Among the data the city lacks are statistics on the length of time it takes firefighters - paid or volunteer - to respond to emergencies.
The National Fire Protection Association, which sets firefighting codes and standards in the United States, says career firefighters should reach an emergency scene in six minutes 90 percent of the time. Volunteers in a city the size of Stamford should get there in nine minutes 90 percent of the time.
The likelihood that someone will die or be injured is significantly greater when fire spreads beyond the room of origin, which takes about eight minutes, said Lorraine Carli, association spokeswoman.
When asked, the city could not provide an average response time. Callion said city and fire officials have reviewed departments' response times and said it has not been an issue.
"We have done some analysis from time to time, and most of the time we have a general idea," he said. "Response time is a fairly complex thing."
Glancing from a daily incident log Wednesday, Stamford Fire Chief Robert McGrath said that citywide, departments averaged three to four minutes. He said he was not familiar with the national average, or whether there was a difference between career firefighter and volunteer firefighter response times.
"We look at our runs on a frequent basis," McGrath said. "In rural areas, response times are much higher. In this city, you're going to get help on the average of three minutes, obviously if you're way, way up on the New York state line it will take longer."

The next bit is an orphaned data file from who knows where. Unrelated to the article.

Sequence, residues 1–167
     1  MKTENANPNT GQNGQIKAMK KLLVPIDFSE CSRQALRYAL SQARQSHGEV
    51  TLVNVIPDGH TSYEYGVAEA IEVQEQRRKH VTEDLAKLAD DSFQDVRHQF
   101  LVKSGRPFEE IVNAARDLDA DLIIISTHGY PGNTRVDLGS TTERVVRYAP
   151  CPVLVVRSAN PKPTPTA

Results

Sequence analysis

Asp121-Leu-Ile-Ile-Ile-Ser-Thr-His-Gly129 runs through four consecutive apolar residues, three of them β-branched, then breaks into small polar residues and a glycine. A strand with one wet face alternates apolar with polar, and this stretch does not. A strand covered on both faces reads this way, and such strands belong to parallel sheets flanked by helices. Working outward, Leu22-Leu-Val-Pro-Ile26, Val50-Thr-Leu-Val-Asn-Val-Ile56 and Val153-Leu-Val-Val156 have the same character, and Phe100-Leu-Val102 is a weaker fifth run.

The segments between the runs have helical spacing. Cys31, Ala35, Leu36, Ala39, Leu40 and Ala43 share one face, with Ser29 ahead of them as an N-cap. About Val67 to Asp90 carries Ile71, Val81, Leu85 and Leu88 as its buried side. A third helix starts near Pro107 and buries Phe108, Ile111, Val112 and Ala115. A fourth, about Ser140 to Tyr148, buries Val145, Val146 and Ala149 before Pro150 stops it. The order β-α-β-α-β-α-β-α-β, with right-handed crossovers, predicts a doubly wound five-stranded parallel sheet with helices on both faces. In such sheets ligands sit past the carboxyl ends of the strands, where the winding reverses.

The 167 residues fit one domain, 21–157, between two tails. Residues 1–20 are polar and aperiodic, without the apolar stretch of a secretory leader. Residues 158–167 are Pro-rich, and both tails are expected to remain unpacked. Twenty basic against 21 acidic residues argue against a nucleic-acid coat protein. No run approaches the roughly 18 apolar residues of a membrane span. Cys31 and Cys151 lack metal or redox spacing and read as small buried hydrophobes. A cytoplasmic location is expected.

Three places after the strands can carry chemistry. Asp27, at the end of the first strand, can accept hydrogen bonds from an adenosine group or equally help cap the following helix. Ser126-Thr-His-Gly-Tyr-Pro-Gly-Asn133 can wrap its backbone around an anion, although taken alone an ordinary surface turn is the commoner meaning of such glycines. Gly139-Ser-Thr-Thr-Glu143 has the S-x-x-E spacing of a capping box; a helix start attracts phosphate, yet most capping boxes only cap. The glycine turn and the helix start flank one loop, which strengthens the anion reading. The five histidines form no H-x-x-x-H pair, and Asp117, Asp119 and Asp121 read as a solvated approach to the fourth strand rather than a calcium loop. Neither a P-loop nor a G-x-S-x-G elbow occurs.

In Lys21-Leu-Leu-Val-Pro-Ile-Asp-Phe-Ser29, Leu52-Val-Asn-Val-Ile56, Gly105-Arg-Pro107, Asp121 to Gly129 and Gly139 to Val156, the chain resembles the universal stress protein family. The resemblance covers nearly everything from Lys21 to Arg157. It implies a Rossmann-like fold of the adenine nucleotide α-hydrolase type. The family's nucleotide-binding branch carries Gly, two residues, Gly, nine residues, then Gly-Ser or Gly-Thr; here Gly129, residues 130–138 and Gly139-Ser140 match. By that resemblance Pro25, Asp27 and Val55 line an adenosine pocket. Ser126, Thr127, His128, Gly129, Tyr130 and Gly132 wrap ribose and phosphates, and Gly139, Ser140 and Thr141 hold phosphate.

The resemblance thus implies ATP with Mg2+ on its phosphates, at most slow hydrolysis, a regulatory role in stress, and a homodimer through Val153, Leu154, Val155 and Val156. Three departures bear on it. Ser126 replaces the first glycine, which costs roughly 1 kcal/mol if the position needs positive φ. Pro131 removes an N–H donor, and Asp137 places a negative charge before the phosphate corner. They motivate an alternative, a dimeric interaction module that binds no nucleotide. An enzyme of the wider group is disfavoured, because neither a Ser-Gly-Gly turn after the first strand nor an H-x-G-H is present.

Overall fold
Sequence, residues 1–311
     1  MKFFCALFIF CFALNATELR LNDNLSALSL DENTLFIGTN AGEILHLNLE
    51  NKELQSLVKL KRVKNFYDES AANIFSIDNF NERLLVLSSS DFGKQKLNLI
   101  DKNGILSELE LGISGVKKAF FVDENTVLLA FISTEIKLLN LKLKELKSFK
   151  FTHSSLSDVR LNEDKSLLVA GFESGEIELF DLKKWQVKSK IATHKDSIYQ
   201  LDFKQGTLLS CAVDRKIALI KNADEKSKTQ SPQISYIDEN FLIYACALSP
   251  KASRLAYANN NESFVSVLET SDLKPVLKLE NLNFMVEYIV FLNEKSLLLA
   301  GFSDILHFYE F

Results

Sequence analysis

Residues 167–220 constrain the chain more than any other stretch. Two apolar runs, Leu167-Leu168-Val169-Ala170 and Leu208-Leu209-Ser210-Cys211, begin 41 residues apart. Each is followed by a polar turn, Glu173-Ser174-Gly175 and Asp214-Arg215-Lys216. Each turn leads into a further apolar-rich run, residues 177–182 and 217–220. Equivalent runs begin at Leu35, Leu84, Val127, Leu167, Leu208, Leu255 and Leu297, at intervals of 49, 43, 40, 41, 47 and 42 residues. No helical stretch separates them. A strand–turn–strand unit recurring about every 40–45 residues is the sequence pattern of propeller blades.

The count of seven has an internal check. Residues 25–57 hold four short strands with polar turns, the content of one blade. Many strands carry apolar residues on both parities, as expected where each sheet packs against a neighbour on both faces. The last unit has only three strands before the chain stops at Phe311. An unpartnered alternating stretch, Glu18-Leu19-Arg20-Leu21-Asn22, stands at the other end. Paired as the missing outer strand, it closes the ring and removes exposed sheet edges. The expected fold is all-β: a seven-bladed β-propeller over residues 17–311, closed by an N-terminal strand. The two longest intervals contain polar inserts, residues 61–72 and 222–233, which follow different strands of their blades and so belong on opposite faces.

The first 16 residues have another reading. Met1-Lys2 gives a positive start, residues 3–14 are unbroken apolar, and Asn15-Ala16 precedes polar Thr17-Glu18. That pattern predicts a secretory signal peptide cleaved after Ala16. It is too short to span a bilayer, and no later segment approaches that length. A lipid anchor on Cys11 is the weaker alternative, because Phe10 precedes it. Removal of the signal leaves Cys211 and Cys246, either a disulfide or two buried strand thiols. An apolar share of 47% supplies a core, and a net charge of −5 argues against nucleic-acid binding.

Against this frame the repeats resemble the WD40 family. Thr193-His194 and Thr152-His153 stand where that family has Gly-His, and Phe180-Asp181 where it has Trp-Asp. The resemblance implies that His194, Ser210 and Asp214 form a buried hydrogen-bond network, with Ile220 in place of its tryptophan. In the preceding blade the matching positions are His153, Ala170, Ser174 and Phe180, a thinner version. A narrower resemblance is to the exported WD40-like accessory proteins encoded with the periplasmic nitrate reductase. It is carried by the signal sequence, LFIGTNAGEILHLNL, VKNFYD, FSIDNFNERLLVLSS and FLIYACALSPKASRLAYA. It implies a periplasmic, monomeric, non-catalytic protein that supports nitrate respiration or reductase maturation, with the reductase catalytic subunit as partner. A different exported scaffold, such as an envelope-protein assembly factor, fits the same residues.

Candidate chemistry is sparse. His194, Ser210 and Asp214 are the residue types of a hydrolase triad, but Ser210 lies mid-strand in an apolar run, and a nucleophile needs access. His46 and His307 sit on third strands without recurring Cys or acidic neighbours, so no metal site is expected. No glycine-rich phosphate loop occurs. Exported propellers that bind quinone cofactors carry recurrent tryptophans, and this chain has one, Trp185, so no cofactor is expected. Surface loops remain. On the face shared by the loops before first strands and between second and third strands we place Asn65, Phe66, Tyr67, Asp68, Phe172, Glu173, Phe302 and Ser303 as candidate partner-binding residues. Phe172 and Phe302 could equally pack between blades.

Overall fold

Coverage at the scene
Uniform response and coverage is needed, particularly in North Stamford, where two volunteer departments cover about 28 square miles - more than half the city, said Brendan Keatley, president of the paid firefighters union.
"Fires don't burn differently based on your address," Keatley said. "There should be a standard and consistent level of staffing citywide and there is not. We're seeing an increasing reliance on mutual aid, which requires a large number of our folks sent up there."
The independent departments' ability to supply adequate staff at an emergency scene is at the heart of the Long Ridge firefighter's complaint, and is a concern echoed within the city about all the volunteer departments.